The current understanding of how chronic stress impacts hippocampal dendritic arbor complexity and the subsequent relationship to hippocampal-dependent spatial memory is reviewed. A surge in reports investigating hippocampal dendritic morphology is occurring, but with wide variations in methodological detail being reported. Consequently, this review systematically outlines the basic neuroanatomy of relevant hippocampal features to help clarify how chronic stress or glucocorticoids impact hippocampal dendritic complexity and how these changes occur in parallel with spatial cognition. Chronic stress often leads to hippocampal CA3 apical dendritic retraction first with other hippocampal regions (CA3 basal dendrites, CA1, dentate gyrus, DG) showing dendritic retraction when chronic stress is sufficiently robust or long lasting. The stress-induced reduction in hippocampal CA3 apical dendritic arbor complexity often coincides with impaired hippocampal function, such as spatial learning and memory. Yet, when chronic stress ends and a post-stress recovery period ensues, the atrophied dendritic arbors and poor spatial abilities often improve. However, this process differs from a simple reversal of chronic stress-induced deficits. Recent reports suggest that this return to baseline-like functioning is uniquely different from non-stressed controls, emphasizing the need for further studies to enhance our understanding of how a history of stress subsequently alters an organism's spatial abilities. To provide a consistent framework for future studies, this review concludes with an outline for a quick and easy reference on points to consider when planning chronic stress studies with the goal of measuring hippocampal dendritic complexity and spatial ability.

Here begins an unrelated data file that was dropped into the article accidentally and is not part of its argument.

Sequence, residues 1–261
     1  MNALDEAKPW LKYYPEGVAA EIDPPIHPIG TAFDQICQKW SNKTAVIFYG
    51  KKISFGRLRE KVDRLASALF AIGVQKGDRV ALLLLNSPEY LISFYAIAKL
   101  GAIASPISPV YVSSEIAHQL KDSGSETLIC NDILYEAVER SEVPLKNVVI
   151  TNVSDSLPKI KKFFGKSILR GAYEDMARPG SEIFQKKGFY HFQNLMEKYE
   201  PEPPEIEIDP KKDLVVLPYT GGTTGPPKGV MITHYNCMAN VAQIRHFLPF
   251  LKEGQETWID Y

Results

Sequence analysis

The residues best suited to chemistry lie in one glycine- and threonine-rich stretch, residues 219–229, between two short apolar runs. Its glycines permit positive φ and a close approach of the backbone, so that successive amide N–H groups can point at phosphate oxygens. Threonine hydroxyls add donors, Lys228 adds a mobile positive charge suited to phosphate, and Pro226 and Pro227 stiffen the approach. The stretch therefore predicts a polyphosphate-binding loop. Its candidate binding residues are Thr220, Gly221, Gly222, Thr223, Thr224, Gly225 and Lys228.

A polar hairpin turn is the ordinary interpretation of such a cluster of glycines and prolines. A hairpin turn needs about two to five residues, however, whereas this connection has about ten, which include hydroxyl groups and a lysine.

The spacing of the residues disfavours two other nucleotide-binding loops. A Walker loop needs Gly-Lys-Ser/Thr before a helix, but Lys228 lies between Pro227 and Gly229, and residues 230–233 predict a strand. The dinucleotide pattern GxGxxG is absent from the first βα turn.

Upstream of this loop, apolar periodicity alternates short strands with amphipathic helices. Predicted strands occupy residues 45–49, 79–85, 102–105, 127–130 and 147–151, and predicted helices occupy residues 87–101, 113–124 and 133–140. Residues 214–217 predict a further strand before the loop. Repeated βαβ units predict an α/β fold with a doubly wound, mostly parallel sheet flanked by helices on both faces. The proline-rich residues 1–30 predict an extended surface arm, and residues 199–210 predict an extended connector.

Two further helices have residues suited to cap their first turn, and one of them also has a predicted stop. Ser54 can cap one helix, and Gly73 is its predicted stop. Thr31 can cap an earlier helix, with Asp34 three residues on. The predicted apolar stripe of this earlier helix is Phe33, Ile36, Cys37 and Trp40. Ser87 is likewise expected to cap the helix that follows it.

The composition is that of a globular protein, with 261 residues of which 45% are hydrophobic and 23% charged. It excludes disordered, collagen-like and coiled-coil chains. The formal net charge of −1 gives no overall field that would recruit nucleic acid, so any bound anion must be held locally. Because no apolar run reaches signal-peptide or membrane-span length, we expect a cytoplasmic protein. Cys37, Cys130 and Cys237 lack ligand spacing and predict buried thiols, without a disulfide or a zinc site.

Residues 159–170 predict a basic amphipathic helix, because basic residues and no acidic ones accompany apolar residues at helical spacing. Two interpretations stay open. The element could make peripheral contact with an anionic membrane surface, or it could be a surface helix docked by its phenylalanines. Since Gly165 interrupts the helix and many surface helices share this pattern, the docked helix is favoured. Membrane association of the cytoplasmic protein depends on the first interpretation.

|Original language||English (US)|
|Journal||Physiology and Behavior|
|State||Accepted/In press - Aug 1 2016|
- Spatial memory
ASJC Scopus subject areas
- Experimental and Cognitive Psychology
- Behavioral Neuroscience